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Were all bookmakers hit by the corona crisis?

Coronavirus has affected almost all areas of industry – most have experienced a downturn during and in the aftermath of lockdown, while a small handful have benefitted from people being confined to their homes. Several industries providing at-home entertainment have actually thrived as people have had more time on their hands and been looking for new things to do from home. Television and film streaming sites, food delivery companies, video conferencing providers, online learning providers and sites offering online gambling and gaming services such as online casinos and bookmakers all experienced a surge in popularity, as these all cater for the needs of people at a loose end and unable to leave their homes.

Bookmakers experienced mixed fortunes, depending largely on how generously they embraced service offerings such as gambling on esports online or providing online casino games. Those that relied on live sports betting for large parts of their business fared less well, although many people who would usually watch and gamble on sporting events turned to esports and other gambling services rather than dropping the habit altogether. A simple search on showed those struggling to find an outlet a full list of all betting sites in the UK. Some bookmakers reported increases in betting on esports of more than 40 times at the height of lockdown, compared to the same period last year.

While there was money to be made by online bookmakers embracing esports and other gambling services that could be accessed online, the UK bookmaking business as a whole reported a potential loss of over £2billion as lockdown began. As pre-arranged sporting events both major and minor began to be cancelled, the bookmakers had no choice but to refund bets already placed on these events.

Investor confidence in UK bookmakers dropped significantly, with share prices falling fast and remaining low for several months. Shares in some of the UK’s most loved bookmakers dropped almost overnight by anywhere between around 15% and 25%, leaving many wondering whether they would be able to open their doors again once life began to return to some semblance of normality.

William Hill reported net revenue loss of 57% in the first few weeks of lockdown in Europe and the United States. The firm forecast ongoing losses of around £15 million for each month the retail outlets were forced to stay closed, assuming the government would continue to help financially support workers on furlough. Without that support, the losses were predicted to be at least double that figure. By August, just as most places were able to open their doors again, William Hill announced that 119 of its 1,500 outlets would not be reopening. However, post-lockdown trading has recovered well and most of the 300 staff members affected had been redeployed elsewhere within the company.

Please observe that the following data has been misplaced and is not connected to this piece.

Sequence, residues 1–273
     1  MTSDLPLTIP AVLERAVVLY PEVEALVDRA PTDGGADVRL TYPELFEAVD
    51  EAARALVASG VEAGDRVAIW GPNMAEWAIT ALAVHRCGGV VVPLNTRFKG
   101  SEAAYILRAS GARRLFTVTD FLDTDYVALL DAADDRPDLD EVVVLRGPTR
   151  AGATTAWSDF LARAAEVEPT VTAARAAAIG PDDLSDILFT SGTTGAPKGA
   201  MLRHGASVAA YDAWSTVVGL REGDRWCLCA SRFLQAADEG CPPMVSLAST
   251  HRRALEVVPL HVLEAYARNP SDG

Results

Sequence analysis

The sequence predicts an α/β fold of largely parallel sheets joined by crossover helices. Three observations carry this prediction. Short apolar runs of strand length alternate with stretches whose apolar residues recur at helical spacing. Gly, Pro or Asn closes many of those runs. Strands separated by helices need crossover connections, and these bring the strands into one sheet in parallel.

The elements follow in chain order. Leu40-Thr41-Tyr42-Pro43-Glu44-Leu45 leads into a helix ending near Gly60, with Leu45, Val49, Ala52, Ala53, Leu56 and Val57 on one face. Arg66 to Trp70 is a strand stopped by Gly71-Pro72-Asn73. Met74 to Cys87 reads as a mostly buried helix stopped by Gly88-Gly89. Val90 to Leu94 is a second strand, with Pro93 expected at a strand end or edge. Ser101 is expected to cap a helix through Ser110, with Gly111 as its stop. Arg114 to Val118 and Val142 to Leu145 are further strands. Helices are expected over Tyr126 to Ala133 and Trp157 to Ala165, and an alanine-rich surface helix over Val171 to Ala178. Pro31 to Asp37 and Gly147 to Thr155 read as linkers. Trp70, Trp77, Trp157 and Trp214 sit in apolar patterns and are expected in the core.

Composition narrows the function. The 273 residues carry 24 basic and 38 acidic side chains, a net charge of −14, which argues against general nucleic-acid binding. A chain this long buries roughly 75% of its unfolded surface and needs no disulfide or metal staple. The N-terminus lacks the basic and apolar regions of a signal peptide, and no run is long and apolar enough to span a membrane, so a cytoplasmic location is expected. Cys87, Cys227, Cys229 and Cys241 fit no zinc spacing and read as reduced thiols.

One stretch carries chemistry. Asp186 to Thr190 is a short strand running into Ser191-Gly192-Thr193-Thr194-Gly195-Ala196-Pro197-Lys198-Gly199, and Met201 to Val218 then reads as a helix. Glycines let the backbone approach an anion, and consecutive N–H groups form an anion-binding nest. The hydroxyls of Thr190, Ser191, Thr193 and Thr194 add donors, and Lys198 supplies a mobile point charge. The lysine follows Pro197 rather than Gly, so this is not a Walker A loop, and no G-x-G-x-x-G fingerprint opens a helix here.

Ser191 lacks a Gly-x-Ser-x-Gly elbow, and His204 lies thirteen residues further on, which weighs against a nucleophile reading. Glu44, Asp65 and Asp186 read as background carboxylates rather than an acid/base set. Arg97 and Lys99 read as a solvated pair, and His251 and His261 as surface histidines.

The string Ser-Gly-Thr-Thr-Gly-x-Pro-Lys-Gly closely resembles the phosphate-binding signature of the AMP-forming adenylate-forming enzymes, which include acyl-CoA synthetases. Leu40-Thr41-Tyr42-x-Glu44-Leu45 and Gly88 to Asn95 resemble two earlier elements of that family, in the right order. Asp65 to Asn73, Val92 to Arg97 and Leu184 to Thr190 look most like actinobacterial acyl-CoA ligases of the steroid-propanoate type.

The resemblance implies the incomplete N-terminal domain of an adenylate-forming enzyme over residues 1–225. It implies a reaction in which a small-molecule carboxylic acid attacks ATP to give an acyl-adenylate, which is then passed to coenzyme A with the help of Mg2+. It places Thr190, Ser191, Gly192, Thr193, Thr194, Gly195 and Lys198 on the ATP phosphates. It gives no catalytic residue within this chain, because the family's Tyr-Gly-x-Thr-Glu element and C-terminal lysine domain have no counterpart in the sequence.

One of the worst affected sectors of the gambling industry has been on-course bookmakers who would usually operate on race days. Betting on horses is one of the most popular forms of gambling in the UK, and most people who attend live races will have a flutter, even if only for a pound or two. However, even as the racing itself is starting up once more, the “behind closed doors” nature of the events leaves on-course bookmakers still side-lined. Even once the public are permitted to return to horse racing events, many bookmakers fear that the restrictions likely to be put into place regarding social distancing will mean drastically reduced numbers for many months to come.

Online bookmakers that already had a strong esports offering in place prior to lockdown were ahead of the game in terms of generating gambling revenue. Sites such as Pinnacle and Betway that have been offering esports betting for several years, while experiencing changing customer behaviours, lost less revenue that those that did not already offer this service. A quick look at shows that most of the major bookmakers in the UK are now including esports wagering as part of their online services, in an attempt to replace some of the revenue lost from live sporting events and retain customer enthusiasm for gambling on competitive games. One bookmaker stated that esports had become the number one revenue generator since March, with bettors drawn towards simulacrums of their favourite sports such as virtual football and basketball while being denied access to their real-life counterparts.

The cancellation of a whole season or more of major sporting events has certainly left bookmakers out of pocket. The Grand National alone, the most lucrative horse racing event on the UK calendar, would usually net around £400 million collectively for bookmakers. However, as events begin to restart, the industry as a whole has high hopes of recovering. Online gambling has kept many afloat throughout the worst months. The return to action of the football Premier League, typically one of the most popular sports betting activities, will also be helping. Esports look set to remain a part of the average betting services, which could potentially generate additional income alongside the newly reinstated sports betting and help revitalise the industry.